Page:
Efficient and Interpretable Machine Learning Algorithms for Predictive Analyses in Metagenomic Data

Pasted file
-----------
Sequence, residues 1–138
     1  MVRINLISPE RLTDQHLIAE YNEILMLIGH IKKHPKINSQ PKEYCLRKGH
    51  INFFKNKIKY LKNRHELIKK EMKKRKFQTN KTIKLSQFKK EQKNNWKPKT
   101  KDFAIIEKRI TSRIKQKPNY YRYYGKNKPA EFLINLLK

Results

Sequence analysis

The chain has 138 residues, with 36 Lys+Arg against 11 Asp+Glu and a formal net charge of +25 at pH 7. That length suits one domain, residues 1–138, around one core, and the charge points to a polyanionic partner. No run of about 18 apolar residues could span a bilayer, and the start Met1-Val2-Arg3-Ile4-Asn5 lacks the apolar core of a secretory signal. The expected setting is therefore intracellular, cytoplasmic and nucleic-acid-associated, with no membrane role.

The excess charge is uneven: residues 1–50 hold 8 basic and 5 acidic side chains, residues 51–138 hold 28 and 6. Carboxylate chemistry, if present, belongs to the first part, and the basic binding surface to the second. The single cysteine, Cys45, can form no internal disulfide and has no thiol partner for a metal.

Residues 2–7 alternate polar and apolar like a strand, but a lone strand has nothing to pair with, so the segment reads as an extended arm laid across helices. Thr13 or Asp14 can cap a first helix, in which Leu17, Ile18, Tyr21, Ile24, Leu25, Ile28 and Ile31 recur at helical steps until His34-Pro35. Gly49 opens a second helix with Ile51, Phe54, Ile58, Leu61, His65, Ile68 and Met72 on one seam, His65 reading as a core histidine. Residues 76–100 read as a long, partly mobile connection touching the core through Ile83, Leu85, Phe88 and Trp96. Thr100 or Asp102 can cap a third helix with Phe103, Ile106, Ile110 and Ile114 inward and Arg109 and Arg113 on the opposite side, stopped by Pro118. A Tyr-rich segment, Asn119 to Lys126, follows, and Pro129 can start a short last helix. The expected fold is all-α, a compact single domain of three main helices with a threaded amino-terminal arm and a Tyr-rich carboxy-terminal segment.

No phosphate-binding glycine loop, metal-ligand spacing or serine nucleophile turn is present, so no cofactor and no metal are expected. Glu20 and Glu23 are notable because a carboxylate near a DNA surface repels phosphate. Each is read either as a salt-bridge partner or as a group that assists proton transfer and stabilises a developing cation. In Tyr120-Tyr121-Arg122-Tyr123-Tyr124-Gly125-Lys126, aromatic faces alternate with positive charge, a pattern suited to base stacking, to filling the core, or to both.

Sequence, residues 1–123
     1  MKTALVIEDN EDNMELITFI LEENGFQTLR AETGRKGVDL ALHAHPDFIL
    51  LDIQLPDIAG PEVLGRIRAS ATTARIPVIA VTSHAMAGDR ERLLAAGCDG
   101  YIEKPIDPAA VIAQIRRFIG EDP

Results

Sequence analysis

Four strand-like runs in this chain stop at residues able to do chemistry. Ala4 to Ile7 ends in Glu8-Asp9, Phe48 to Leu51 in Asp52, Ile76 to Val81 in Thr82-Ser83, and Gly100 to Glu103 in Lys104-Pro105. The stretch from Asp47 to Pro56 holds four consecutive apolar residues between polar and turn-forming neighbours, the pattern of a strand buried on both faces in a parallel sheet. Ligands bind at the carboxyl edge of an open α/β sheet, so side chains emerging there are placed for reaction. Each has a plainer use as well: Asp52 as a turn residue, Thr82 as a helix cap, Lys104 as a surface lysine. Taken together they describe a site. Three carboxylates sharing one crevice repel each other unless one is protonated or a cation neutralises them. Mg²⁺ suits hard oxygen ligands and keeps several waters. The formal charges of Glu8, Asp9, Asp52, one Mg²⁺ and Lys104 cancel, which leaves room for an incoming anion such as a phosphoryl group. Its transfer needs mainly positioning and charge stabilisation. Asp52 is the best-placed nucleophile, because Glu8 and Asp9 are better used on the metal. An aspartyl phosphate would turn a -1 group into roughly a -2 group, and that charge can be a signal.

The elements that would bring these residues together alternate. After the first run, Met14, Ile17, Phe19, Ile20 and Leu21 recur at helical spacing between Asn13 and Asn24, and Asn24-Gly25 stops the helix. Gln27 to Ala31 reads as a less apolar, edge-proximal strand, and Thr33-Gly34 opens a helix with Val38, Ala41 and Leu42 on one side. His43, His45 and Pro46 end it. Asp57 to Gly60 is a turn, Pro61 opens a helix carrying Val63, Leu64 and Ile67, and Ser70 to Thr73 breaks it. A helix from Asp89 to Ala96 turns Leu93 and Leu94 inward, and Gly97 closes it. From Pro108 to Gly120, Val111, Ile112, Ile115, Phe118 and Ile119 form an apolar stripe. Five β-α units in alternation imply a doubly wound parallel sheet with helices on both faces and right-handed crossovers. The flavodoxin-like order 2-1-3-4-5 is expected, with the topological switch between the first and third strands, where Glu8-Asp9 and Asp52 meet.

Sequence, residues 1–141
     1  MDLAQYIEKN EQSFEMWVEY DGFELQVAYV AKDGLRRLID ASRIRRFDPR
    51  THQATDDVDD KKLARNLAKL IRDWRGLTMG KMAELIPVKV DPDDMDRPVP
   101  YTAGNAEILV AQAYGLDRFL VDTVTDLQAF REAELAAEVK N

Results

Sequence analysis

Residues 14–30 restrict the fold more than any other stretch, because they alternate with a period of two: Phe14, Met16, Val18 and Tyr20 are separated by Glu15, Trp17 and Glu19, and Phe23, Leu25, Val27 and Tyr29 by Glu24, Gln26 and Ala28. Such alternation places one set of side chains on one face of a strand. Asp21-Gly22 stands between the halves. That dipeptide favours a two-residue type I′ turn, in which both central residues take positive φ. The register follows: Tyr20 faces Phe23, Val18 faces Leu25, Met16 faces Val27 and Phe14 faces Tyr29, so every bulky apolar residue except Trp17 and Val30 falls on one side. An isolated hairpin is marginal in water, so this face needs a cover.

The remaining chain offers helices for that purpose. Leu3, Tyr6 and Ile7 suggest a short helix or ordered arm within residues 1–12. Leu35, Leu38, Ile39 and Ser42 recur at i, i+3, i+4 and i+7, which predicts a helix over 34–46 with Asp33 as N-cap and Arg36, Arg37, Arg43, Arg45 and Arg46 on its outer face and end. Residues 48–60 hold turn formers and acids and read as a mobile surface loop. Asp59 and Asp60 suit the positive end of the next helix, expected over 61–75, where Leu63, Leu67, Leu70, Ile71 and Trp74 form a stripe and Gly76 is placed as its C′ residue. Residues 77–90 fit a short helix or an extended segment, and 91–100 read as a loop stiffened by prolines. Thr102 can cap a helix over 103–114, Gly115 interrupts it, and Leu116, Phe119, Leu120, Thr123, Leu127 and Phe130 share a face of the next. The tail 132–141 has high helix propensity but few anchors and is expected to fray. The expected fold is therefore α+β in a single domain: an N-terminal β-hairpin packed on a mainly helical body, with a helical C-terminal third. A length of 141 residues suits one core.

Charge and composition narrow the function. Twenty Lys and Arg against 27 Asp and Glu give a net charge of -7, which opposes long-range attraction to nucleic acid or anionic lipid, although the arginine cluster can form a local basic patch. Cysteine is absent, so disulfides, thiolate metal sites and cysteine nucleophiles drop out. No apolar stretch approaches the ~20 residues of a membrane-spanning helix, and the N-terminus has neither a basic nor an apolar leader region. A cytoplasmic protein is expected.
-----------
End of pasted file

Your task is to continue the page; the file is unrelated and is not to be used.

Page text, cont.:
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Advancements in DNA sequencing technologies have enabled the direct investigation of the microbiome. Microbiome refers to all the microorganisms i.e., bacteria and viruses, present as a community in a host. Researchers and clinicians have embarked on studying the role of these microorganisms concerning human health and diseases. Most existing approaches first identify the microbial abundance in a sample using the sequence databases of known microorganisms and then use the abundance values as features for predicting diseases i.e., Liver Cirrhosis, Type-2 diabetes and other diseases. The taxonomic profiling and abundance quantification is computationally expensive, creates a bias in subsequent predictions and ignores a large amount of data that comes from the Next Generation Sequencing (NGS) technologies. Moreover, most microbes have not been laboratory-cultured and thus remain unknown. Existing approaches do not account for novel and unknown microorganisms. The lack of efficient analytical methods that overcome these limitations impedes the identification of the presence and functions of the microbial organisms within different clinical and environmental samples. Hence, there is a need to develop scalable analytical algorithms for large-scale DNA sequence data i.e., metagenomic data to discover the microbiome, perform taxonomic profiling, quantify species abundance and predict diseases. In this thesis, I develop Multiple Instance Learning (MIL) based algorithms to predict the diseases from large-scale Metagenomic data. Multiple Instance Learning (MIL) is a supervised classification approach that considers a single sample as a group of relevant data instances rather than just one single instance. In addition to predicting diseases, our proposed approaches can identify the individual microbial DNA sequences that are indicative of the diseases. We hypothesize that an optimized solution to the MIL formulation of the problem will predict diseases more accurately than existing approaches by utilizing the available DNA sequence data and avoiding the inherent bias from the microbial profiling process. To ensure that the proposed algorithms can scale to the large volume of input sequences (obtained from a Metagenomic sample) we propose efficient canopy based clustering solutions that can be integrated within the prediction pipeline. We evaluate the proposed algorithms on several clinical benchmarks and show improved prediction performance in terms of identifying clinical phenotypes, reporting interpretable results for clinicians and ensuring scalable implementations.